Original 3D-model: Jon Marcure.
Additional design: Jacob Larsen (2003).
|Development status: in service
Latest calibration: 100628 @ 09:01 CET
First commissioned: 030222 @ 12:32 CET
is a 'Lunar Lander-module' similar in construction to the 'Modoolar hab-module#2'.
The main difference is that the LL is capable of landing on the lunar surface by its own
power (landing is not to be attempted elsewhere).
It is basically a container that can be equipped with anything from
living-quarters, to full-fledged research-labs, or just stuffed with cargo destined for
the lunar surface. Depending upon its internal configuration set-up, it can house up to
approximately 5 people. It is not meant to serve as a hab-module however, since a lot of
the interior space is used by engines and fuel-cells, but merely as a transport container
between the lunar surface and an orbiting vehicle.
The LL has the same attitude thrust performance as the hab-module#2,
but has in addition 4 hover-thrusters located within its 2 ground-resting
surfacecontact-rings (the 2 blue bodies seen in the lower part of the picture). The
LL-module is simply parked on these rings directly on the lunar surface.
The LL has enough fuel onboard to make it capable of 1 lunar return
It is revolutionary in the way it is operated, since it is to be
somewhat regarded as a rather large MMU. Normal procedures will have 1 astronaut on EVA
(wearing a special enhanced MMU) docking to the LL and landing it from this 'outside'
position. In other words, the LL is to be 'carried' by the astronaut as a rather large
The astronaut controls LL via 2 small finger-joysticks located on his
special MMU (1 controls attitude and 1 controls thrust (up/down) + program selection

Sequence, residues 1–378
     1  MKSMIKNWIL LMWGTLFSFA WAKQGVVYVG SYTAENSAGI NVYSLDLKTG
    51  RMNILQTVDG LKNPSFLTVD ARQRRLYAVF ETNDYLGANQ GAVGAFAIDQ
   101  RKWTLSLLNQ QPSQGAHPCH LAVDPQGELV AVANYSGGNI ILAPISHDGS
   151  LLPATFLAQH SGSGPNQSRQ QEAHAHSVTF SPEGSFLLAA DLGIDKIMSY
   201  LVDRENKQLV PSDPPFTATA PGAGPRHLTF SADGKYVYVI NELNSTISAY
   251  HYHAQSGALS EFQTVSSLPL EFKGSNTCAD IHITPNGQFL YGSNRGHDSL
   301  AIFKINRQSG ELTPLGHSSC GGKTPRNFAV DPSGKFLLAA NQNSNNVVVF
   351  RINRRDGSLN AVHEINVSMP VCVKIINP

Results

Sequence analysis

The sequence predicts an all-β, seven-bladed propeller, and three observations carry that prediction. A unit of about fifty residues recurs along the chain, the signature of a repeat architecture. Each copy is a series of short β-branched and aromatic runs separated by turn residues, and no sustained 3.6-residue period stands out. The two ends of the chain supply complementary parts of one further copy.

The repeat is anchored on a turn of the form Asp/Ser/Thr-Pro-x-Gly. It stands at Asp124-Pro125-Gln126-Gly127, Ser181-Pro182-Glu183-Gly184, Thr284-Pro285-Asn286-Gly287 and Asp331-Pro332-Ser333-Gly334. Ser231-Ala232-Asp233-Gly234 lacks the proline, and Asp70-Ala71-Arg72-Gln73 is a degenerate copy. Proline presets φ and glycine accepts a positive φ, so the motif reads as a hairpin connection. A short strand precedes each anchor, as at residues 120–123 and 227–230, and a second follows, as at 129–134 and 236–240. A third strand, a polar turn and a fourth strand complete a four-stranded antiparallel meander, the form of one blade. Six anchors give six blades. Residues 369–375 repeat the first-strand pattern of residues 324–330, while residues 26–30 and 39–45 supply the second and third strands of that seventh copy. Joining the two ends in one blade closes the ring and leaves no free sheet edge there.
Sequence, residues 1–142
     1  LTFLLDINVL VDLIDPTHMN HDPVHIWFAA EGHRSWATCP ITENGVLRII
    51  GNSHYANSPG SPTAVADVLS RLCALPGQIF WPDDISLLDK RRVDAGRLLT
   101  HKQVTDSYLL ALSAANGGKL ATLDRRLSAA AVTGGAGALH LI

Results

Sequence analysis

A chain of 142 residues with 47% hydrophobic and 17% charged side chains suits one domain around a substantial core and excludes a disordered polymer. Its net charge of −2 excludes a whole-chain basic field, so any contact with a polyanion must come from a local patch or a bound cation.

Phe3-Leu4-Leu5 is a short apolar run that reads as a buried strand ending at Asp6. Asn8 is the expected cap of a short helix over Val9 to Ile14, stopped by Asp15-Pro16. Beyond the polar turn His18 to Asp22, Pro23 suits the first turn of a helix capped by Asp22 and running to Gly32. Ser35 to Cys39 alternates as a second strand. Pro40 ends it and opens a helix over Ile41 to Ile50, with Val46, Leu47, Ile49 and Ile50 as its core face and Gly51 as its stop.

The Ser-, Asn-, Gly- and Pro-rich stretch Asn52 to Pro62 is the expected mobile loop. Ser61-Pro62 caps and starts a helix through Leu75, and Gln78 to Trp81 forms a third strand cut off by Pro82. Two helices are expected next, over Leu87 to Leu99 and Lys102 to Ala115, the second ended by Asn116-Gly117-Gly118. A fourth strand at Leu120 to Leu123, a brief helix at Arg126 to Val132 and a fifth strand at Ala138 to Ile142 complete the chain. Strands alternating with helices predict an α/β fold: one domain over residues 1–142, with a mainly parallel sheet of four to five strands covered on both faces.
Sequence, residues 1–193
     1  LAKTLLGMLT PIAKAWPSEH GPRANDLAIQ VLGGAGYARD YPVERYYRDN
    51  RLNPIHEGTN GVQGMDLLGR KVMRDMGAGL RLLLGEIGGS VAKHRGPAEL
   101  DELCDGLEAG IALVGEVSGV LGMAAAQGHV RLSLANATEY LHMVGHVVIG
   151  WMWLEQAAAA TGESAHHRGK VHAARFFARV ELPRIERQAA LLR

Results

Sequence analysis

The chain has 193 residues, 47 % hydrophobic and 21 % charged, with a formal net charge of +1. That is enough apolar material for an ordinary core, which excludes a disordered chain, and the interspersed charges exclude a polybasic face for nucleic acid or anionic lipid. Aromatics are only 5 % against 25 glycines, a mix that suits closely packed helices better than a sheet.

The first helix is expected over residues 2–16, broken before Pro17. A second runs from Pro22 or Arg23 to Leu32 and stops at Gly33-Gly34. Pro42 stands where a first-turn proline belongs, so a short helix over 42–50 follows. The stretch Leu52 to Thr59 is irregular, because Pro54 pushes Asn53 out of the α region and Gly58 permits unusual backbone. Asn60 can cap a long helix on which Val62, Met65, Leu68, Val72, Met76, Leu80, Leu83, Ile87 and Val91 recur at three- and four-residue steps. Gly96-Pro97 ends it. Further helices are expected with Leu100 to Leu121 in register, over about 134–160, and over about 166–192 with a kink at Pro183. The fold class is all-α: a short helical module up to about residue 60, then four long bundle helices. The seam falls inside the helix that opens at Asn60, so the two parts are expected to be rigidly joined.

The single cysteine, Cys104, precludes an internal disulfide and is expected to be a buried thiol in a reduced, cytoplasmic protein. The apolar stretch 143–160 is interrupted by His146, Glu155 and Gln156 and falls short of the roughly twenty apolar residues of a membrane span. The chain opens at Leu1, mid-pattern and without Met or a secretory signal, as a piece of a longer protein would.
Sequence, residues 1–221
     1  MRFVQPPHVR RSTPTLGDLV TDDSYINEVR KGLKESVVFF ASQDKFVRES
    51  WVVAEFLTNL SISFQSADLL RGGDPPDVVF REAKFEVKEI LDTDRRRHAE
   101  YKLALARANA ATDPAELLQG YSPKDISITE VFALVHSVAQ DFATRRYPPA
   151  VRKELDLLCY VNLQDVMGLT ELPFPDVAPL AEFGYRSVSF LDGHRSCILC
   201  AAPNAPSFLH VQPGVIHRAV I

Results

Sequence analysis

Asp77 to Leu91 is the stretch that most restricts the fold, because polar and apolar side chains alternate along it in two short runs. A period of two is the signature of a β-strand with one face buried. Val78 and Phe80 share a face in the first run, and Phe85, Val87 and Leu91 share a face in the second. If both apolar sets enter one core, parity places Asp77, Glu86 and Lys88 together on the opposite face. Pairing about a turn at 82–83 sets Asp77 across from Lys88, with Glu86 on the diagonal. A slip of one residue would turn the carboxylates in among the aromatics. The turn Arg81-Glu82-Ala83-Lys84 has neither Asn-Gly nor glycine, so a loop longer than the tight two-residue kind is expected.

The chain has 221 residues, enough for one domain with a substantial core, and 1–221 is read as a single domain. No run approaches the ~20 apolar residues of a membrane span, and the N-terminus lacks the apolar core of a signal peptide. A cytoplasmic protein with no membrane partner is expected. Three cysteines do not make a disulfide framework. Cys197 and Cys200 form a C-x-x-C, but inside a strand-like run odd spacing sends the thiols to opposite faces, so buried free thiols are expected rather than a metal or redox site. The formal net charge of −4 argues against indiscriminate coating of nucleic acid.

(left/right)). There are also 2 small MFDs for the astronaut to keep track of positional
data and various flight data (descend speeds, altitude and so on).
The LL-module supports continued module extension in 2
picture shows the LL-module#1 parked on a test-pad at KSC.
record: "Orbiter-021202/2" through "Orbiter-100606"
"ShuttleFleetV4.5R0" (scenario example)
Length: 16 meters.
Mass weight: 6,255 kg.
Rated thrust (prograde): 0 newton (0 AUN).
Rated thrust (retrograde): 0 newton (0 AUN).
Rated thrust (hover): 30,000 newton.
Rated thrust (attitude): 2000 newton.
Fuel specific impulse (Isp): 4,000 m/s.
Fuel load: 20,000 kg.
Nominal PAX capacity: ~ 5 (Depending upon configuration)
Pilots Operating Manual:
Hover thrust is not strong enough to lift the module off
the lunar surface if fully fueled up.
Fuel use (nominal):
~80 % used for landing
~20 % used for T/O.
list of 'proposed handling' for various scenarios:
As payload on launch vehicle
#1:Engage levelhold autopilot
#2:Engage full hoverthrust
#3:Disable levelhold autopilot at safe altitude (~1 kilometer)
#4:Gently pitch down/forward to pick up orbital velocity, while
maintaining steady climb to orbital altitude
#5:cut hoverthrust when desired orbit has been achieved
Not advised/no current proposed procedures
#1:Turn autopilot "+normal" ("-normal"
(antinormal) can also be used if preferred (if lighting conditions are more
favorable/comfortable when at this attitude, for instance)) and wait for the autopilot to
#2:Engage full hoverthrust
#4:Roll gently to a 'heads-up' attitude, as required, to maintain a
descend speed of no greater than ~100m/s (do not change pitch or yaw)
#5:When close to the surface (~1000 meters), engage altitude-hold
autopilot and turn prograde (not by autopilot, but manually) and engage level-hold
autopilot (you should be in a heads-up attitude facing the direction of motion)
#6:Maintain low forward velocity untill within range of desired
landing-spot (if required: pitch down/forward to maintain forward velocity, but do not
disengage level-hold autopilot)
#7:Pitch up/backwards to dissipate speed and disengage altitude-hold
autopilot (do not disengage level-hold autopilot)
#8:Gently touch down at desired landing location manually and cut
#1:Request docking clearance (not needed for module assembly
#2:Approach head-on and aim the HUD 'victor'-targetsights on center
of target dockring by linear-thruster movement.